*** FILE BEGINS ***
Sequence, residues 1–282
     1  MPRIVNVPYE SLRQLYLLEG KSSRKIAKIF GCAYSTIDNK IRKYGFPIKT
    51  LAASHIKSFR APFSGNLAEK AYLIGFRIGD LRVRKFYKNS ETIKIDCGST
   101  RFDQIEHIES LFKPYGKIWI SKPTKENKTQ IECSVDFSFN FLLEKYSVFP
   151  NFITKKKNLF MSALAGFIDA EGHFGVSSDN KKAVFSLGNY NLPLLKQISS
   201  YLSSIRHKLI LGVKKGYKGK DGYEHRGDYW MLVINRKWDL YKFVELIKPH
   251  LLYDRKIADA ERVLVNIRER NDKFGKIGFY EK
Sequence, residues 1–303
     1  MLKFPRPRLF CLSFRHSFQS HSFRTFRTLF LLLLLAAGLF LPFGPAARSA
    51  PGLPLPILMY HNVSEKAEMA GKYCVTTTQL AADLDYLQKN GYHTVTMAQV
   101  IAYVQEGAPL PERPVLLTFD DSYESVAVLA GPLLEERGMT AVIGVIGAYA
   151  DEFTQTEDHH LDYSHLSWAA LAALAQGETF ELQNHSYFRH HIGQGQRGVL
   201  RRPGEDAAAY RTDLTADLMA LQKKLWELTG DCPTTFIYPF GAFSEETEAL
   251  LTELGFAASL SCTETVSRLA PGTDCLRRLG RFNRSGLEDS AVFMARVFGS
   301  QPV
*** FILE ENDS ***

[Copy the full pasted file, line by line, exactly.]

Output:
Sequence, residues 1–282
     1  MPRIVNVPYE SLRQLYLLEG KSSRKIAKIF GCAYSTIDNK IRKYGFPIKT
    51  LAASHIKSFR APFSGNLAEK AYLIGFRIGD LRVRKFYKNS ETIKIDCGST
   101  RFDQIEHIES LFKPYGKIWI SKPTKENKTQ IECSVDFSFN FLLEKYSVFP
   151  NFITKKKNLF MSALAGFIDA EGHFGVSSDN KKAVFSLGNY NLPLLKQISS
   201  YLSSIRHKLI LGVKKGYKGK DGYEHRGDYW MLVINRKWDL YKFVELIKPH
   251  LLYDRKIADA ERVLVNIRER NDKFGKIGFY EK
Sequence, residues 1–303
     1  MLKFPRPRLF CLSFRHSFQS HSFRTFRTLF LLLLLAAGLF LPFGPAARSA
    51  PGLPLPILMY HNVSEKAEMA GKYCVTTTQL AADLDYLQKN GYHTVTMAQV
   101  IAYVQEGAPL PERPVLLTFD DSYESVAVLA GPLLEERGMT AVIGVIGAYA
   151  DEFTQTEDHH LDYSHLSWAA LAALAQGETF ELQNHSYFRH HIGQGQRGVL
   201  RRPGEDAAAY RTDLTADLMA LQKKLWELTG DCPTTFIYPF GAFSEETEAL
   251  LTELGFAASL SCTETVSRLA PGTDCLRRLG RFNRSGLEDS AVFMARVFGS
   301  QPV